The Tao can’t be perceived.
Smaller than an electron,
it contains uncountable galaxies.
If powerful men and women
could remain centered in the Tao,
all things would be in harmony.
The world would become a paradise.
All people would be at peace,
and the law would be written in their hearts.
When you have names and forms,
know that they are provisional.
When you have institutions,
know where their functions should end.
Knowing when to stop, you can avoid danger.
All things end in the Tao,
as rivers flow into the sea.
(Tao Te Ching, chapter 32, translation by Stephen Mitchell)
A couple of chapters ago, I said that our rulers are compensating for something. Today, we are going to begin by talking about why it is that size doesn’t matter. It all has to do with that “if” and that “when.”
The Tao is small, smaller than an electron. That is pretty small. It is, in fact, so small that it can’t be perceived. So, yes, we have pretty much established that the Tao is quite small. But size doesn’t matter. Oh, I guess it matters if you are trying to perceive it. But, when you consider that it contains uncountable galaxies, then its size doesn’t matter, after all.
But, if our rulers could perceive it – no, it would take more than perceiving, it would take centering themselves in it, and remaining centered in it – then all things would be in harmony. That is, after all, what they claim to be after with all their power. They make all kinds of promises. Promises of harmony. Promises of peace. They promise us a paradise.
And Lao Tzu, too, makes promises. If it were possible for the powerful to be in harmony with the imperceptible Tao, then the whole world would become a paradise. But, for our rulers, size does matter, after all. They can’t perceive the uncountable galaxies that the Tao contains. They are too distracted with how very small it is. And, if you can’t perceive it, you can’t center yourself in it. You can’t become it.
The “if” seems pretty hopeless. We have talked about our desires for improving the world. Lao Tzu has warned us that the world is sacred. And, that which is sacred cannot be improved. Tampering with it only results in ruining it. That is what our rulers have been doing for generations now. Which brings us to the “when.”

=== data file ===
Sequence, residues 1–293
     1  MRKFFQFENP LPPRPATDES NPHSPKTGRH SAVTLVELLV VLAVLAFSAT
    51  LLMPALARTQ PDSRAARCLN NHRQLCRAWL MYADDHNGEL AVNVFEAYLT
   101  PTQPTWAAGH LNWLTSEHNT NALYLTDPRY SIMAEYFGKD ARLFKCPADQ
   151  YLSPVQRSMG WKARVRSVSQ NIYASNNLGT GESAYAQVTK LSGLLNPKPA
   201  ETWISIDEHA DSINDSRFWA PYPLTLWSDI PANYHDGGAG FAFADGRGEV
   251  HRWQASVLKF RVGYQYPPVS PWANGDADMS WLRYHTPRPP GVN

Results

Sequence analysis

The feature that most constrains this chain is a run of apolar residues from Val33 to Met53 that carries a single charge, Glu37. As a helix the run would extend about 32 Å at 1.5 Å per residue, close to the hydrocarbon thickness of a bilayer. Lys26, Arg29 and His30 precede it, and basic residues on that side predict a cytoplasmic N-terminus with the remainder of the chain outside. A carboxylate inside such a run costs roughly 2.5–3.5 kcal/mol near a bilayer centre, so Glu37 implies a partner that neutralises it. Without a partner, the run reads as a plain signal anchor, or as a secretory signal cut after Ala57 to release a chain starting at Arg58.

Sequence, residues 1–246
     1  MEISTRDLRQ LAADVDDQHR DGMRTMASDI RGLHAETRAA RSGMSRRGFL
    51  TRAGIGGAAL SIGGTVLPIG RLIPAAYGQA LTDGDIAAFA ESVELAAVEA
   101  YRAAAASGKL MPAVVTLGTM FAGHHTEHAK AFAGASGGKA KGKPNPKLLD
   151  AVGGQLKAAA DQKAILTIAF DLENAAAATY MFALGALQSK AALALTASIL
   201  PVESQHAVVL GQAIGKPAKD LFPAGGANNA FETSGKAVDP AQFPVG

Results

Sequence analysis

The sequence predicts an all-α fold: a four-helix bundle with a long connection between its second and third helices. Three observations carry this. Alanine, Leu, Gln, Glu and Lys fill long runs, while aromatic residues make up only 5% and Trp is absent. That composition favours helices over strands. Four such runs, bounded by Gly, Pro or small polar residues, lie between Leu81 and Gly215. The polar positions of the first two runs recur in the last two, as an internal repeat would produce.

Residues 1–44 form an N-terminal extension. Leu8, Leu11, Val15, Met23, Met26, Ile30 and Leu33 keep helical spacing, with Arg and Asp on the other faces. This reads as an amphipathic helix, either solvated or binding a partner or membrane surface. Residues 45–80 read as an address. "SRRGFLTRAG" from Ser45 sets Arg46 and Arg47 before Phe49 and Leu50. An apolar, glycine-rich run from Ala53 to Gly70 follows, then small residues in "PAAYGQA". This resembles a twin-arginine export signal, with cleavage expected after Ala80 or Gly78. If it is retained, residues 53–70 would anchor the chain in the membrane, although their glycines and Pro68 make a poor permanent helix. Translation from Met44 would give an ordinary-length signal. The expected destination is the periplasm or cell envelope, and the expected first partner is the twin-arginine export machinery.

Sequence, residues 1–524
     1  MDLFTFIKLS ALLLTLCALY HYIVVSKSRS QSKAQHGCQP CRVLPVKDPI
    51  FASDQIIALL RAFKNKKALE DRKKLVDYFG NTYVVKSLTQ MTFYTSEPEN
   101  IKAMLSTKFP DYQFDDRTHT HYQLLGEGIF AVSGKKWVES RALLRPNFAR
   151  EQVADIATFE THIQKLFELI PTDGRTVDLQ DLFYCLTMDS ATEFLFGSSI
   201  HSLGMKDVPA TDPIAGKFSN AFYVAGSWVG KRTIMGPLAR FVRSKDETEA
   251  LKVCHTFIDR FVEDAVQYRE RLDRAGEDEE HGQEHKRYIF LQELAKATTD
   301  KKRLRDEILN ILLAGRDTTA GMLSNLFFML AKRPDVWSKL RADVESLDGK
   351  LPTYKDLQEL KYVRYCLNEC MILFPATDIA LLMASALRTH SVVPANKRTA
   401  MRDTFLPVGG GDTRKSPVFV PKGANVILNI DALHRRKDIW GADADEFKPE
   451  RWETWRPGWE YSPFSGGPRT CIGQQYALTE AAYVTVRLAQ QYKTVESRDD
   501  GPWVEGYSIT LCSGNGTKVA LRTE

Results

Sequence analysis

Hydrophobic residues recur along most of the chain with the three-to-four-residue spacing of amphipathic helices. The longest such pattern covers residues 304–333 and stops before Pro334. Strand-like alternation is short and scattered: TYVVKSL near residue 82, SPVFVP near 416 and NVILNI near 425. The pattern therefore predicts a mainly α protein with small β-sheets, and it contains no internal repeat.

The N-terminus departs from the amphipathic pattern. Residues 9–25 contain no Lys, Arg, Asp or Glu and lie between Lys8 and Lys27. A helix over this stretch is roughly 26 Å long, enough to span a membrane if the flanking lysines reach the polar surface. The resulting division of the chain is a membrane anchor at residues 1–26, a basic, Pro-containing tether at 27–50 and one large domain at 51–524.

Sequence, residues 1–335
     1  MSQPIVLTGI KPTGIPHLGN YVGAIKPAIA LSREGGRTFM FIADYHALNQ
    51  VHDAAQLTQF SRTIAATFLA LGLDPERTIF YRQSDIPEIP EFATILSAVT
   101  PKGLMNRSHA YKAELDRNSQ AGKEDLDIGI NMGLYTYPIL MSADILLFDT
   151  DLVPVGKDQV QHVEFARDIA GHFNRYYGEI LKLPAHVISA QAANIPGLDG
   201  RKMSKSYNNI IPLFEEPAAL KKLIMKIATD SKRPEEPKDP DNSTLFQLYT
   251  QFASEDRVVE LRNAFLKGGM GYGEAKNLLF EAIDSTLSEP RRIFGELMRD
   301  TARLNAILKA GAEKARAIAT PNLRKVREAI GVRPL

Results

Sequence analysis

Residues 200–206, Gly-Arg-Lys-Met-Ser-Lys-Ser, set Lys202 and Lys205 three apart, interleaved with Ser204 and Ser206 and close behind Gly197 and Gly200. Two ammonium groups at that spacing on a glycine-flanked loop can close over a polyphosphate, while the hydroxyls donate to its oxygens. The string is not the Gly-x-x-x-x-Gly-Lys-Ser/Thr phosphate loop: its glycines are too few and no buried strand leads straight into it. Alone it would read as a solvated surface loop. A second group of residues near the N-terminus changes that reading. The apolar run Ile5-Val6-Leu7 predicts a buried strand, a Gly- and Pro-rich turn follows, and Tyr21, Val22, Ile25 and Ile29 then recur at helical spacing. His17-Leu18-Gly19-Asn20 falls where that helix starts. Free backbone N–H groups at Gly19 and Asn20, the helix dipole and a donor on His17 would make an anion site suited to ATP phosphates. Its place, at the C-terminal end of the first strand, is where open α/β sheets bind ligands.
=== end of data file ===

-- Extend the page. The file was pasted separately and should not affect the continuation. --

Knowing “when” is the only way to avoid danger. Lao Tzu is talking about names and forms, and saying they are provisional. And, institutions, whose functions should end. Now, he doesn’t say specifically what these names, forms, and institutions are. And, I think trying to figure out what specifically he could be referring to is very much like peering at that tiny Tao, smaller than an electron; yet, we strain our eyes to perceive it.
What I want to concentrate on is the uncountable galaxies that it contains. And, that means going back to the very beginning chapter of the Tao Te Ching, where Lao Tzu first talked about the temporal and the eternal, the named and the nameless, that which has form and the formless. Back to the difference between the manifestations and the mystery. You may recall that we can’t perceive the mystery because we are caught in desire. That is why we can only see the manifestations. Names are temporary. So is form. Oh, they serve a purpose for a time. But we need to understand when their time is up. Oh, and institutions? Yes, there is a time for their functions to end as well.
This is what we are in danger of missing. Knowing when it is time to stop. And the powerful are not being helpful here. Even their name, the powerful, is not an eternal name. Which should be a clue to the danger. Can we avoid the danger? Because all things are going to come to an end. All things end in the Tao. Just like rivers come to an end where they flow into the sea. Can you perceive when? That moment when the river meets the sea?